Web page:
Fayetteville State University receives $2.3 million to advance STEM initiatives

HHistorically, black colleges and universities across the country have used the power of education as a means to advance diversity in STEM. Fayetteville State University was reward a multi-million dollar endowment from the National Institutes of Health to support scholars pursuing studies in science, technology, engineering and math.

The $2.3 million grant will be used to create scholarships for students from underserved communities. The funds will help cultivate the Undergraduate Research Training for Student Enhancement (U-RISE) Initiative, which was launched to align scholars from historically disenfranchised groups with the resources needed to thrive in the world. university and enter a doctorate based on biomedical research. programs.

The NIH grant was awarded to Dr. James E. Raynor Jr. who is a professor in the institution’s Department of Biological and Forensic Sciences. Under Dr. Raynor’s leadership, the school’s former initiative, FSU-RISE, has supported more than 300 disadvantaged students, many of whom have transitioned into prestigious medical programs at schools like Johns Hopkins University, ‘Cornell University and Harvard University.

Dr. Monica Leach, the institution’s provost and senior vice chancellor for academic affairs, says the endowment will level the playing field in STEM through access and education. “FSU has worked hard to ensure students have access to everything they need to succeed,” Dr. Leach said in a statement. “Whether it’s reducing tuition fees or redesigning our organizational structure to better serve students, we believe in keeping the best interests of our students at the heart of what we do. This grant helps us take another step toward unfettered access to fields of study that have historically been inaccessible to students from underrepresented communities. We are excited about the promise that U-RISE holds for FSU students.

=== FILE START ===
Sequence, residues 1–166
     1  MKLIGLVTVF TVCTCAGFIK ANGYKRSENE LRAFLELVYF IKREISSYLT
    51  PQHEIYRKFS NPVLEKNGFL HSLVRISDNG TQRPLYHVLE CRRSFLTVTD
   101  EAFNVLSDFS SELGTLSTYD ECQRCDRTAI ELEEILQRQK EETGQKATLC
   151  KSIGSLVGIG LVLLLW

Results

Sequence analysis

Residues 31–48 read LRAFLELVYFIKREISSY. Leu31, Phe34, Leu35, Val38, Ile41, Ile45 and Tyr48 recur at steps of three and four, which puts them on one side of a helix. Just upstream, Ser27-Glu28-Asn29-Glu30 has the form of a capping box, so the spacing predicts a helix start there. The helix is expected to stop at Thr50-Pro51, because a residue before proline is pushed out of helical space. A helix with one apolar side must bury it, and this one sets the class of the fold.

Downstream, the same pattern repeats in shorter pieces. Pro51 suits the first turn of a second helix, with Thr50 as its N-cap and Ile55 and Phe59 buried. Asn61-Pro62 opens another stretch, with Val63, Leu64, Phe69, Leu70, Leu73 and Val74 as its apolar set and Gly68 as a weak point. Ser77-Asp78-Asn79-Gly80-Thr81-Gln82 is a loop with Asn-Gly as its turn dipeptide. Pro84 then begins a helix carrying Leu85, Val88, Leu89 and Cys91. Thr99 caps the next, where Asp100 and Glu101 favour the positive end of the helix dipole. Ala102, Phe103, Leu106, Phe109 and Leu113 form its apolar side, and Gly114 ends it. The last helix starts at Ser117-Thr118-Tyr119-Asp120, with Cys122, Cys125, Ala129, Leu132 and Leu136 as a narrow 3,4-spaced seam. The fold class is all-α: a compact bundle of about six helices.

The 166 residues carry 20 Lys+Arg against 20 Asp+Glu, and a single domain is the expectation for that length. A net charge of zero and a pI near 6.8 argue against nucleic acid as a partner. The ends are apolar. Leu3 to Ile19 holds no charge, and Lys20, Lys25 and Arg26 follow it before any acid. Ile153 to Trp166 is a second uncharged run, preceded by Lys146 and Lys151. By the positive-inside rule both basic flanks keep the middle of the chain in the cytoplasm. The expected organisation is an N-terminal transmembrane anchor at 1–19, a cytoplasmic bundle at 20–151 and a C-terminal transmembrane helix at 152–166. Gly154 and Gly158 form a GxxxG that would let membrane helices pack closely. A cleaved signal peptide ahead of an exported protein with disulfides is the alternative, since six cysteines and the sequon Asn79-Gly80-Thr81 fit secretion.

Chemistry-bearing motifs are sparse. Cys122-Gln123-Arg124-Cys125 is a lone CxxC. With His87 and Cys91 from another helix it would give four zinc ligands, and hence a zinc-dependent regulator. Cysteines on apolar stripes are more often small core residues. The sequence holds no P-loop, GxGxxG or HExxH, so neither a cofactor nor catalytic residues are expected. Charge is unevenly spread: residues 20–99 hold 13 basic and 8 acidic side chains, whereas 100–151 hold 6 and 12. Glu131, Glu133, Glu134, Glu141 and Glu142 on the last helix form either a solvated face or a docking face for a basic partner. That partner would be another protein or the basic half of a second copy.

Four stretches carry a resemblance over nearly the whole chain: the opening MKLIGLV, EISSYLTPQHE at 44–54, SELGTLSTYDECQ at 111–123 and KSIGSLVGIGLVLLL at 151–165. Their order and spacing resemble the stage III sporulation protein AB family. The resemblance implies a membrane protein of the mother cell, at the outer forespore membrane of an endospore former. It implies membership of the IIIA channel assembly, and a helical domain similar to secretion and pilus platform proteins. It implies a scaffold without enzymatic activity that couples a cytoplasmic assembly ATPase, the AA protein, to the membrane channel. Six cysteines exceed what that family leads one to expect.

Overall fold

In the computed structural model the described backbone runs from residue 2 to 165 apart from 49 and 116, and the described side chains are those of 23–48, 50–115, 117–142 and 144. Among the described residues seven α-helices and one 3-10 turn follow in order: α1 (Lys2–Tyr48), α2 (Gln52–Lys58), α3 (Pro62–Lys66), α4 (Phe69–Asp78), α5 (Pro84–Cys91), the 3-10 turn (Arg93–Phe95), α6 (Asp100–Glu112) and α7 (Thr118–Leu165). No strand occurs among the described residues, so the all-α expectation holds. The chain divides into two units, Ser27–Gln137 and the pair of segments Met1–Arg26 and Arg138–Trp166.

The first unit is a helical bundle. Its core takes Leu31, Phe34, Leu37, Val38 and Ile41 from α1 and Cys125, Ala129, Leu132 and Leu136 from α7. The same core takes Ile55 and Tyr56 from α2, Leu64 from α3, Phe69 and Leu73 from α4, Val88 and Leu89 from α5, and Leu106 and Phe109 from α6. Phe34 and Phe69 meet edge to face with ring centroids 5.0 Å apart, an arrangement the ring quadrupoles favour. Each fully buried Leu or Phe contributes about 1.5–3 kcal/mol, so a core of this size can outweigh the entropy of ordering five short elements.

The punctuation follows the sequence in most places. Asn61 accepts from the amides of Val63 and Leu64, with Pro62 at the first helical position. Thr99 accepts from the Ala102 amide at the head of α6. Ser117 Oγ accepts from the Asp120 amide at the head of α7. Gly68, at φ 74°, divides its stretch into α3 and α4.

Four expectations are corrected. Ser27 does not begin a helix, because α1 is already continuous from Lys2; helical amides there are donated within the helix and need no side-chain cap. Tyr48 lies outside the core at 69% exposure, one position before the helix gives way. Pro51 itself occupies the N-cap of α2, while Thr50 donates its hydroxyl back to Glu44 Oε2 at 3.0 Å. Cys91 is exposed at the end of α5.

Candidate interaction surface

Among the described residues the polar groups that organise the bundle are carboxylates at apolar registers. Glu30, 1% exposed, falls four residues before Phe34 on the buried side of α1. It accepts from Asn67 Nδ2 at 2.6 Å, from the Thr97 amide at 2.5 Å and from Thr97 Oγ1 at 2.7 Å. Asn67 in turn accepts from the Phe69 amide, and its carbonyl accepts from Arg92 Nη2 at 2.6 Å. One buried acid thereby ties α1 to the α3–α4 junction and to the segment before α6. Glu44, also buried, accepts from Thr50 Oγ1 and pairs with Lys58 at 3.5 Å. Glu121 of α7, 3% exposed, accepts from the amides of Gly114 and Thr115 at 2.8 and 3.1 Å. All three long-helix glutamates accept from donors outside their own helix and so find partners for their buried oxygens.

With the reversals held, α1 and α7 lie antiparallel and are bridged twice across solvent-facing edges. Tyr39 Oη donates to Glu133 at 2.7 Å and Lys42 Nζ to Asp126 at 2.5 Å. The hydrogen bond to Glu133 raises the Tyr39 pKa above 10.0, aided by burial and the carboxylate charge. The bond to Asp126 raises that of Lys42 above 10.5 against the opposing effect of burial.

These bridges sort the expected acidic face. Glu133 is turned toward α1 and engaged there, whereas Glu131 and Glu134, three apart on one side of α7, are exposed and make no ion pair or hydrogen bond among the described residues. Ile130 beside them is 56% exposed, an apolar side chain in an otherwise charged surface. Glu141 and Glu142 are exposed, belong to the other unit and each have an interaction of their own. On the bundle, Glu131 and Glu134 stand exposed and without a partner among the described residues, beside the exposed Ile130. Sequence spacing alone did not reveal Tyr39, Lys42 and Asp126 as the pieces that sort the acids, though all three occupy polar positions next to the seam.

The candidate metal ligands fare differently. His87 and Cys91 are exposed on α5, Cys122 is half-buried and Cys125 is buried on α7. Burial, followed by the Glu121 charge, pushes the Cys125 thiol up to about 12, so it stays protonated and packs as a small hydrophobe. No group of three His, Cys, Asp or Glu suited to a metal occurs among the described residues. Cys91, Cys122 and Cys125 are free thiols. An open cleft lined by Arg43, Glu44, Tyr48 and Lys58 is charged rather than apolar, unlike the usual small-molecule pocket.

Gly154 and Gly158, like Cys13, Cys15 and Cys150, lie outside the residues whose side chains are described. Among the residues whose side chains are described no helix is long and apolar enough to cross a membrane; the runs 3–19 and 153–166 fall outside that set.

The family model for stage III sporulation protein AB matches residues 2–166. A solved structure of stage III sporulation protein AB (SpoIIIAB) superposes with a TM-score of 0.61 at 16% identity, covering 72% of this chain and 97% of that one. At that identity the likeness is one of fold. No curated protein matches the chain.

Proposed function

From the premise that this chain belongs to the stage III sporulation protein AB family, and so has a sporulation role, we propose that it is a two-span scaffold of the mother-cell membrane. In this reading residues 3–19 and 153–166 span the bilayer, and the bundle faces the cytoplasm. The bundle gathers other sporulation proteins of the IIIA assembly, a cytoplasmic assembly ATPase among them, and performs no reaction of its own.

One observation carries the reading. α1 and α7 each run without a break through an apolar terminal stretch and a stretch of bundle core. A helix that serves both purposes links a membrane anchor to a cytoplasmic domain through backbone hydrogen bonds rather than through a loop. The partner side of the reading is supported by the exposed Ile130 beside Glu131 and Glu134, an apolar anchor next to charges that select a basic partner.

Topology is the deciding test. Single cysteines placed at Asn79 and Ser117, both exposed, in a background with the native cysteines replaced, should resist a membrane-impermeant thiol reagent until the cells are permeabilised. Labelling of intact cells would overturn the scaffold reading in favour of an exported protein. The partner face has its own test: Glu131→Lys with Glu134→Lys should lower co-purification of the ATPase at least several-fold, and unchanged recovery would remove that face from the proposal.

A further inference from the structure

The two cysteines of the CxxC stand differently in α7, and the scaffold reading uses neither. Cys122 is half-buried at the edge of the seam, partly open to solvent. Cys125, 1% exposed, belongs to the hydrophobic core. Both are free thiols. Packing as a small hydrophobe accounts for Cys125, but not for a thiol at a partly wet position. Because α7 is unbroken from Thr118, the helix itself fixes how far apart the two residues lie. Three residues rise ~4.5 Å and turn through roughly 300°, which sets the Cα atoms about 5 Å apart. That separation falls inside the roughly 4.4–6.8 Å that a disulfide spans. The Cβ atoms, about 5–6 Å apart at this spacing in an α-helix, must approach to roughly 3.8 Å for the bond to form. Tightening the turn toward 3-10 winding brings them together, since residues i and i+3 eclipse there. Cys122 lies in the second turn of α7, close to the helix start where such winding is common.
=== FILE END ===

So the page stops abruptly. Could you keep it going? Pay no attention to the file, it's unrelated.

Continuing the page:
Many HBCUs have received grants to elevate their STEM education-centric programs. In February, North Carolina-based Livingstone College received a $2.24 million endowment from the National Science Foundation.


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